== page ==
Passover is a Jewish holy day commemorating the work of God in sparing the lives of the Jewish people when He struck down the first born of Egypt. Passover is immediately followed by the seven-day Feast of Unleavened Bread. The combination holiday celebrates the Exodus from Egypt and the liberation of the Israelites from slavery. On Passover, many Jewish families participate in a Seder. The Seder is a ritual meal that retells the story of God’s deliverance (Numbers 9:1-5, Deuteronomy 16:1-8). The final events of Yeshua’s life played out against Passover. The backdrop of Yeshua’s substitutionary death at this season highlighted the ways in which He became the perfect Passover lamb whose innocent blood covered our sins and brought us life.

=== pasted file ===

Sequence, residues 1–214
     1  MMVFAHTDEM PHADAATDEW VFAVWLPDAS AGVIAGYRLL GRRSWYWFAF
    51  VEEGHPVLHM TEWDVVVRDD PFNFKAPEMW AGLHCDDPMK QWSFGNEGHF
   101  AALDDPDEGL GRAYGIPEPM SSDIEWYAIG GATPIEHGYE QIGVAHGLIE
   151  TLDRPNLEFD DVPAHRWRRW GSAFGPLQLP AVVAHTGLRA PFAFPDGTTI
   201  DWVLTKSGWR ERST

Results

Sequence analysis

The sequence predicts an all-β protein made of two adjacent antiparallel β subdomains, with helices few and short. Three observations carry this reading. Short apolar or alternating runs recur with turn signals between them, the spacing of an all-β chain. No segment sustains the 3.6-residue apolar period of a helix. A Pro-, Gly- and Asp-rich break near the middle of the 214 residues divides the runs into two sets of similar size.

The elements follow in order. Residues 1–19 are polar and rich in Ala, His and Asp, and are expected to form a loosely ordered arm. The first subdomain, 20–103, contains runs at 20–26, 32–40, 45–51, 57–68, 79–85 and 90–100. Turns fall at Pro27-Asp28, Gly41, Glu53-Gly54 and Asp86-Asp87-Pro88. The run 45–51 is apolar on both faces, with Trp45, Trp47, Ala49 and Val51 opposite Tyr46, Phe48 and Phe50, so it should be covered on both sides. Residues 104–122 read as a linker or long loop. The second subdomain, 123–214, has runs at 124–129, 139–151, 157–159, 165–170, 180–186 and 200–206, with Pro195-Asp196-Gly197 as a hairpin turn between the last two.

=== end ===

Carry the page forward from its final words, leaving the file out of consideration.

This holiday is prescribed by God in Leviticus 23
“‘These are the Lord’s appointed festivals, the sacred assemblies you are to proclaim at their appointed times: The Lord’s Passover begins at twilight on the fourteenth day of the first month. On the fifteenth day of that month the Lord’s Festival of Unleavened Bread begins; for seven days you must eat bread made without yeast.
-Leviticus 23:4-6 (NIV)